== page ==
Cannabinoid CB1 and CB2 Receptor Signaling and Bias
An agonist that acts through a single receptor can activate numerous signaling pathways. Recent studies have suggested that different ligands can differentially activate these pathways by stabilizing a limited range of receptor conformations, which in turn preferentially drive different downstream signaling cascades. This concept, termed “biased signaling” represents an exciting therapeutic opportunity to target specific pathways that elicit only desired effects, while avoiding undesired effects mediated by different signaling cascades. The cannabinoid receptors CB1 and CB2 each activate multiple pathways, and evidence is emerging for bias within these pathways. This review will summarize the current evidence for biased signaling through cannabinoid receptor subtypes CB1 and CB2.
Keywords : agonist bias; cannabinoid receptors; functional selectivity; G protein-coupled receptor
Identifying and characterizing the molecular determinants of agonist efficacy in signaling pathway activation are a vital requisite of contemporary drug design. One of the determinants of agonist efficacy is the molecular structure of the agonist, and thus the receptor conformation that it induces. However, receptor conformation is also affected by interactions with various intracellular signaling proteins.1–3 For example, the conformation of the β2 adrenergic receptor has been demonstrated to be quite distinct in the presence of the second messenger protein Gs.2,3 Receptor activation will therefore be both ligand and tissue specific, as the assortment and abundance of intracellular signaling constituents vary between cell types. Biased signaling is the concept that different ligands acting on the same G protein-coupled receptor (GPCR), in the same tissue, can give rise to markedly different cellular responses (Fig. 1), and this is likely due to each ligand stabilizing different receptor conformations. This concept has been given many different names—“stimulus trafficking,” “functional selectivity,” and more recently, “agonist bias” or “biased signaling.” It is important to note that differential signaling pathway activation by different agonists can probably also arise as a consequence of kinetics; if there are significant differences in agonist binding kinetics, the more slowly dissociating ligands may allow receptor conformations that favor low-affinity interactions for a particular receptor/signaling molecule pair to persist long enough for productive coupling.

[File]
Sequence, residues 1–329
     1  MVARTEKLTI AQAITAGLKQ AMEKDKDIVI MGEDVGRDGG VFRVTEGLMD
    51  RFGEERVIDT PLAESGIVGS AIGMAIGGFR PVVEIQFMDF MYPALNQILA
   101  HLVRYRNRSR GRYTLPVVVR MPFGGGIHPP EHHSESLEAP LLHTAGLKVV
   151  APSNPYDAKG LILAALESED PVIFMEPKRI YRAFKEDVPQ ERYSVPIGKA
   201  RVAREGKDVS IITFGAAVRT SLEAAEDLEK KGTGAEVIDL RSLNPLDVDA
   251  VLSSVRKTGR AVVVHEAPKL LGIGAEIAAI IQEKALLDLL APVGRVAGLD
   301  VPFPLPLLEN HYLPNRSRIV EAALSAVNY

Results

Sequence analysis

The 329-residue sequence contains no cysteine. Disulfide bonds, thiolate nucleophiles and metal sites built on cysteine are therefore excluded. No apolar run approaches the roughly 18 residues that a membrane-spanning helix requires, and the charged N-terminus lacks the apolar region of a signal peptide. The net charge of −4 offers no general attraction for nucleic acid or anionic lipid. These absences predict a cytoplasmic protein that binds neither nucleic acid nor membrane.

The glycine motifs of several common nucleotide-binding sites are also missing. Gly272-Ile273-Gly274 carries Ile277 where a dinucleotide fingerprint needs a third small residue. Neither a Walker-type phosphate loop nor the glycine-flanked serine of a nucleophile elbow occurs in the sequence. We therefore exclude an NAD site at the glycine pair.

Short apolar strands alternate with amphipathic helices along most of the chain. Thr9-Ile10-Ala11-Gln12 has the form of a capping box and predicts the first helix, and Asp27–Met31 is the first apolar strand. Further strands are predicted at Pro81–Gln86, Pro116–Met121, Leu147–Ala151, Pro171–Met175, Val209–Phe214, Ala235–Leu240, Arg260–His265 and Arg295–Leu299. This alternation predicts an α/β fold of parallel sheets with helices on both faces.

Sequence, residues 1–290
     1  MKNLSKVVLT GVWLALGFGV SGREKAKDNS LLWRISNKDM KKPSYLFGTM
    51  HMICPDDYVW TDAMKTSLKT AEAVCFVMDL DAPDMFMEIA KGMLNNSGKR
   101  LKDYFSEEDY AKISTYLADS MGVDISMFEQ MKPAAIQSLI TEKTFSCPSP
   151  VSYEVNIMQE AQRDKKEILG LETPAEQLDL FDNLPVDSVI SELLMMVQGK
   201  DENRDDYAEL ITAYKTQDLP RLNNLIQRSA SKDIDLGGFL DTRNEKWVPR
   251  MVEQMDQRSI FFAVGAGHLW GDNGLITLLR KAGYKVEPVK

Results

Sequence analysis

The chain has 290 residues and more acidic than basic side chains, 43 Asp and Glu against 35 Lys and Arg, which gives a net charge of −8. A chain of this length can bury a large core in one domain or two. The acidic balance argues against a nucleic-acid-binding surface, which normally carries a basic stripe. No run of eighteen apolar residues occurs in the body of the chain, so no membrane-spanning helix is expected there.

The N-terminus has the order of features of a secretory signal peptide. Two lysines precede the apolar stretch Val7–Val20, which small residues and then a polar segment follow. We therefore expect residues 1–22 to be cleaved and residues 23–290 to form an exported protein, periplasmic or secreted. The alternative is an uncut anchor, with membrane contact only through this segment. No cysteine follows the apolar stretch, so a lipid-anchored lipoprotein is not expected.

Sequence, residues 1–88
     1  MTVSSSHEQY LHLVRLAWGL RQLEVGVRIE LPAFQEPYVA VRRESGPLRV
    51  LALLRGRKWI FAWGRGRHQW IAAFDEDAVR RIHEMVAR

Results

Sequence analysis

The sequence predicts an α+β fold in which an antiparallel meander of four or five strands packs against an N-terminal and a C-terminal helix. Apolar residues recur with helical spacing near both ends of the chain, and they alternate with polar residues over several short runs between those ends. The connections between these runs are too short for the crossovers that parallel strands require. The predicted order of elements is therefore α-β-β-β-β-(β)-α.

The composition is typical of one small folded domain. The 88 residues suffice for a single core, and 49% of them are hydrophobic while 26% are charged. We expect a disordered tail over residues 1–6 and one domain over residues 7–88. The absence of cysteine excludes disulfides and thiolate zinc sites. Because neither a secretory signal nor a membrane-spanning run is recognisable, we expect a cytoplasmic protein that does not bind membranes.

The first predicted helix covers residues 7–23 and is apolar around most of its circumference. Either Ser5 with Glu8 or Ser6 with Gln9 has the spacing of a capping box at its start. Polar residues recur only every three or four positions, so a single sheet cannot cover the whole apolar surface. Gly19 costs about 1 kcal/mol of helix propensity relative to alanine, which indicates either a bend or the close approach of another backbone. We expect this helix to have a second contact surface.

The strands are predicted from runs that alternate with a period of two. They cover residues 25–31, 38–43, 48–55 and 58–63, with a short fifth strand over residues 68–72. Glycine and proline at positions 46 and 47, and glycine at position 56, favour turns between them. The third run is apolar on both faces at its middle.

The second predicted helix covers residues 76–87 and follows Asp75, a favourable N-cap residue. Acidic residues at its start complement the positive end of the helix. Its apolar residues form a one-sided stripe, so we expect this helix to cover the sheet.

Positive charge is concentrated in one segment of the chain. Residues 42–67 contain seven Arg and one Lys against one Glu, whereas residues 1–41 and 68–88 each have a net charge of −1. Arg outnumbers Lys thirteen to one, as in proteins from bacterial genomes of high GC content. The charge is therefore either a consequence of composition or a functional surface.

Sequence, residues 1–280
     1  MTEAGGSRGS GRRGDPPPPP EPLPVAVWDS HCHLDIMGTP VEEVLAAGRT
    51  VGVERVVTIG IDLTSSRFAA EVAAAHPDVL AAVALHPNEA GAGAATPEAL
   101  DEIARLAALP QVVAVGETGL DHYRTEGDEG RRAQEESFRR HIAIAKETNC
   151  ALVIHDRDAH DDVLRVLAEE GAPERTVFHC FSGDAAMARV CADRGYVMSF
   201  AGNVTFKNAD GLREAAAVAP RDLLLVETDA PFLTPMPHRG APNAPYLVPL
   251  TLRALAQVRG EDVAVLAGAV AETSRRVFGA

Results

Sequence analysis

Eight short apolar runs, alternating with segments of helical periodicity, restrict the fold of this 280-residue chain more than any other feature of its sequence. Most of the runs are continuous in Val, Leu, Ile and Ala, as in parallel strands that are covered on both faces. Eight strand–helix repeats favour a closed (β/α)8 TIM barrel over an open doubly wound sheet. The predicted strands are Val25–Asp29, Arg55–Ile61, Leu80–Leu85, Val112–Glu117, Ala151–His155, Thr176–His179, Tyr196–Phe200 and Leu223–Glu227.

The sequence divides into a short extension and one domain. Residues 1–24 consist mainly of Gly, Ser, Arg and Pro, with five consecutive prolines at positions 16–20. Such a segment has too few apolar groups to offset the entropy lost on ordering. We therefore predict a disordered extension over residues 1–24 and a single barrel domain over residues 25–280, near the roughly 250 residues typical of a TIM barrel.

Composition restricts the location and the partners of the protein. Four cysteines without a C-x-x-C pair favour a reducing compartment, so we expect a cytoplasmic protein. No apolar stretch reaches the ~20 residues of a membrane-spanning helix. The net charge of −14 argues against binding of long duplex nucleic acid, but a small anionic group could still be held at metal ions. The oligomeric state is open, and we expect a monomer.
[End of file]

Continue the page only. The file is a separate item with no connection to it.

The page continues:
Traditional approaches to demonstrating bias have focused on comparisons of EC50 or Emax values within different pathways, but such methods may not account for inherent differences between pathway stoichiometry. For example, some pathways may achieve maximum response at lower receptor occupancy, resulting in higher potency for all agonists within this pathway (pathway bias). Quantifying biased signaling involves determining the effects of two or more agonists on two or more cellular responses, and comparing the agonist profiles for each pathway. More recently, the operational model of bias has been utilized4; this approach compares all ligands within each pathway against a reference ligand and then makes comparisons of the relative shifts between pathways relative to the reference.